Why Lesions Occur
Prevention and Treatment
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Implications Of The Review
The findings of this review have several implications. For the clinician, they emphasise the clinical importance of white matter hyperintensities, even when these are found as incidental findings on brain imaging. In such cases doctors might consider detailed screening for risk factors for stroke and dementia, even though the benefit of doing so is not formally proved. Although data showing that treatment of risk factors reduces the progression of white matter hyperintensities are limited, more aggressive antihypertensive treatment was associated with reduced progression in patients after stroke, as well as with a reduction in stroke itself.82
In terms of research, white matter hyperintensities could constitute a potentially useful intermediate marker for the identification of new risk factors for stroke and dementia. Indeed, besides being strongly associated with the risk of stroke and dementia, white matter hyperintensities can be quantified reliably and non-invasively on large samples and can be measured as a continuous trait, thus providing increased statistical power to detect an association. White matter hyperintensities could prove particularly interesting for the identification of novel genetic risk factors, as their heritability was shown to be as high as 55-73%.8384
Immunohistochemistry For Human Brain Tissues
Paraffin-embedded tissue of human brains from AD and control groups were immunostained with IBA1 , CD68 and HLA-DR . Paraffin-embedded tissues from different age groups were immunostained with CD68 and HLA-DR . Sections were deparaffinized with xylene and rehydrated gradually from 100% ethanol to demi water. For antigen retrieval, the sections were placed in 10 mM sodium citrate buffer in a microwave for 12 min.
After rinsing in PBS, sections were pre-incubated in 3% H2O2 for 30 min and then blocked with 10% normal horse serum in PBS with 0.3% Triton-X100 for 30 min. Sections were incubated overnight at 4°C with abovementioned primary antibodies in PBS with 0.3% Triton-X100 and 1% normal horse serum. Sections were incubated with horse anti-mouse biotinylated antibody for 1 h at room temperature, incubated in avidin-biotin-peroxidase complex for 30 min, and then visualized with DAB. Sections were counterstained with Cresyl Violet and mounted with DePeX.
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What Is Its Function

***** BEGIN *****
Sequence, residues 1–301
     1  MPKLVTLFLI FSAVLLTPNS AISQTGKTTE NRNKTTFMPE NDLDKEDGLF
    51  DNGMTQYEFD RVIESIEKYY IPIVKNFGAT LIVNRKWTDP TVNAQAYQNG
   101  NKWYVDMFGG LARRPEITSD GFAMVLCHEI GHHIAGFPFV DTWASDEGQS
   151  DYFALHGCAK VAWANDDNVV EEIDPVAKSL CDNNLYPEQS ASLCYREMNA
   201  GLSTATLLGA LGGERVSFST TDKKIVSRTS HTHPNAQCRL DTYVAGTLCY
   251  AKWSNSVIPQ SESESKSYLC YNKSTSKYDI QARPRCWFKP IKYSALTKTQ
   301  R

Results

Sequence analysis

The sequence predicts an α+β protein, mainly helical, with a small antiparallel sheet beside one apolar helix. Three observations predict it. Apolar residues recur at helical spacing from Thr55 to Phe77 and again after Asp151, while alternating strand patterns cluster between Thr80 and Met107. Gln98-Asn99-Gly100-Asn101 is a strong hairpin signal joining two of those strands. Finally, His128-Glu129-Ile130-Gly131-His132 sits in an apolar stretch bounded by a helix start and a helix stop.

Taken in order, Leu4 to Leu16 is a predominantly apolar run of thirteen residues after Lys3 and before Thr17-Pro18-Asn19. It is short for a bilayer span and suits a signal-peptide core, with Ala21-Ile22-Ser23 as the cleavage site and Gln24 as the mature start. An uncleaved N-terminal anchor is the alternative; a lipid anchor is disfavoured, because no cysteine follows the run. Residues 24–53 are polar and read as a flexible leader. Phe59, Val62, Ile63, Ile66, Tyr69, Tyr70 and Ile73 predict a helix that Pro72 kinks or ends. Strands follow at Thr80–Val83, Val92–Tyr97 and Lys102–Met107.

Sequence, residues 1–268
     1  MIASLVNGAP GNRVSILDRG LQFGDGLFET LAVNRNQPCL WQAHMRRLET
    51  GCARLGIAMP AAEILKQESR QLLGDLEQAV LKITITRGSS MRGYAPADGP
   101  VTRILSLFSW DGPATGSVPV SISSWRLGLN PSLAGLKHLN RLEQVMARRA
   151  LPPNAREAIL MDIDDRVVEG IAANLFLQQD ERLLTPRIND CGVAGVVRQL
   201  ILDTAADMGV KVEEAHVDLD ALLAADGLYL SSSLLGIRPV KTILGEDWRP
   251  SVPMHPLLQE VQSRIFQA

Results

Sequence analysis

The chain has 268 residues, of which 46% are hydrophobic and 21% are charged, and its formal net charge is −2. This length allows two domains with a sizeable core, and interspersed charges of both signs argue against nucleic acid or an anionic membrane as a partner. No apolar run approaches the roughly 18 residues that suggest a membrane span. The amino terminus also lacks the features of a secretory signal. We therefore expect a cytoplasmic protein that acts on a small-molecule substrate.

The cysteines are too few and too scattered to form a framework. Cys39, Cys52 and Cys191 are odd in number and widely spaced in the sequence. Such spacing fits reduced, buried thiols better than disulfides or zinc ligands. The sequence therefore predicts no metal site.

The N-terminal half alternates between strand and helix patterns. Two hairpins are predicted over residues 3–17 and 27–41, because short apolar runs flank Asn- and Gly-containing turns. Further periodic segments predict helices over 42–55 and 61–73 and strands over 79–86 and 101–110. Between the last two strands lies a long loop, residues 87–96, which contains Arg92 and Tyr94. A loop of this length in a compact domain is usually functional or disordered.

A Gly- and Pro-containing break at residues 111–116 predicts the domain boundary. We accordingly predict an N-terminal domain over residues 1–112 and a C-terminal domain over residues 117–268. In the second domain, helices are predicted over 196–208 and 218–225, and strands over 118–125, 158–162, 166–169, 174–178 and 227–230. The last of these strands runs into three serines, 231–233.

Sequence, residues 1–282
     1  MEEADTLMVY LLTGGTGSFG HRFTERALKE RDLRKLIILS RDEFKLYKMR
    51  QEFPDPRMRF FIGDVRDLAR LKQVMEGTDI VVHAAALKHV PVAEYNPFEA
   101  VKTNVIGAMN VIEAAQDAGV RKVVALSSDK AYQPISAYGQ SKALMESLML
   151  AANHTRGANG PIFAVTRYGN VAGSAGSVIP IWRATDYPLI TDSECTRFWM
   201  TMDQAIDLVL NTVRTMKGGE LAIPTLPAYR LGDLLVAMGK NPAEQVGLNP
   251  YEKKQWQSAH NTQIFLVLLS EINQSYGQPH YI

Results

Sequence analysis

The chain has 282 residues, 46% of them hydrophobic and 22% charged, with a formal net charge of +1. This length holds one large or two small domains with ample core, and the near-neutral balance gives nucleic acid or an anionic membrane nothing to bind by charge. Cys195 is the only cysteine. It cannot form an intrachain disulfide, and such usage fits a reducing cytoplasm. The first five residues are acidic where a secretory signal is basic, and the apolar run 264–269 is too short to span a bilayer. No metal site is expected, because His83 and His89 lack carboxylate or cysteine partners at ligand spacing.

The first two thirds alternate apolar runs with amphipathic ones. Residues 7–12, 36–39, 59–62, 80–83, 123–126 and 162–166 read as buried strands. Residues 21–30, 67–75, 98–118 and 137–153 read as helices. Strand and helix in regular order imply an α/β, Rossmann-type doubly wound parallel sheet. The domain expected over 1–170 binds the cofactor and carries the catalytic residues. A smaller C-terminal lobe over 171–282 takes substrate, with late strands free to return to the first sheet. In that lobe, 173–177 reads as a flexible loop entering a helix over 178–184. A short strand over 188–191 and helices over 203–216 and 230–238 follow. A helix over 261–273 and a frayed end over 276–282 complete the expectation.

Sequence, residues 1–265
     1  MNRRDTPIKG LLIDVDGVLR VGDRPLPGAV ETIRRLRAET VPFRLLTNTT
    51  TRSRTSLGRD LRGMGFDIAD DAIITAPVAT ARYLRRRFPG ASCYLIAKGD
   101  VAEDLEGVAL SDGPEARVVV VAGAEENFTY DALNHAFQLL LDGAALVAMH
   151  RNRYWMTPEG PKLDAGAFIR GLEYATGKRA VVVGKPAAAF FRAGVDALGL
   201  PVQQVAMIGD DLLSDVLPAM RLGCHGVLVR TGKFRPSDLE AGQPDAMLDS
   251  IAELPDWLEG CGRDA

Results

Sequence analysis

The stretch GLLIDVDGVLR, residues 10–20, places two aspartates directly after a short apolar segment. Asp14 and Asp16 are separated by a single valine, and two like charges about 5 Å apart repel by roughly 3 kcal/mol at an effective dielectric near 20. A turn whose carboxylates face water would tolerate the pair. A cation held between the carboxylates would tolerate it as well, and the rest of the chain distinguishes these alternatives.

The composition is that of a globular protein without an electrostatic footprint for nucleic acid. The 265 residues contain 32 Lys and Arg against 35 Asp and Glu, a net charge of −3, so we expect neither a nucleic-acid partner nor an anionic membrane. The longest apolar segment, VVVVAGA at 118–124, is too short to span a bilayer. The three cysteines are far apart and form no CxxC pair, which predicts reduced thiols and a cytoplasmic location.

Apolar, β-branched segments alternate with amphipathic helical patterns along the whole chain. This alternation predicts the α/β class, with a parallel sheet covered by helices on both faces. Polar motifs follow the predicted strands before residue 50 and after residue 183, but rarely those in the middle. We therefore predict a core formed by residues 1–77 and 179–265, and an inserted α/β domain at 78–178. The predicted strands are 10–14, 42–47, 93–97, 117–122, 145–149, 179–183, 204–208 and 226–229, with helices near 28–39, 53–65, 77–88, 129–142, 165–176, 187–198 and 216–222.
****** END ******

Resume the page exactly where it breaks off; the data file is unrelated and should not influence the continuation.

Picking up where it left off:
For a long time it was believed that the white matter had secondary functions to the gray matter, but recent studies have demonstrated that it is not like that at all. The main job of the white matter is to convey information, under the form of electrical impulses, from one part of the brain to the other. It therefore connects different parts of the brain and cerebellum and it is at the foundation of the relevant notion of connectivity. This occurs both in close areas that carry out the same function, and in areas far apart that must constantly communicate in order to carry out more complex tasks, such as, for example, recognizing the scent of a rose and calling it by the proper name. Right hemisphere and left hemisphere, basal ganglia and cerebellum, cerebral cortex and spinal marrow are all interconnected thanks to the white matter.
Immunohistochemical images of the white matter at 30 and 40 weeks of gestational age. The asterisk indicates the lateral ventricle. Modified by Back et al. J Neuroscience 2001.
Conduction Delays Limit The Size Of A Highly Connected Network
We begin by considering the time delay in the local circuits of neocortex, because their mode of operationthought to involve recurrent computations seems most sensitive to the detrimental impact of time delay. We derive a scaling relationship between local conduction delay and the number of neurons that can have all-to-all potential connectivity. By assuming that the tolerable delay is on the order of a millisecond, we show that the maximum size of such network is close to that of the cortical column.
Local cortical circuits may be viewed as a network of n neurons with all-to-all potential synaptic connectivity, meaning that the axons and dendrites of most neurons come close enough to form a synapse . In the following we do not distinguish between axons and dendrites in local circuits, and we refer to them as local wires. Mathematical symbols used in this paper are shown in Table 1. The mean conduction delay t in local circuits is given by the average path length between two connected neurons , , divided by the conduction velocity, s: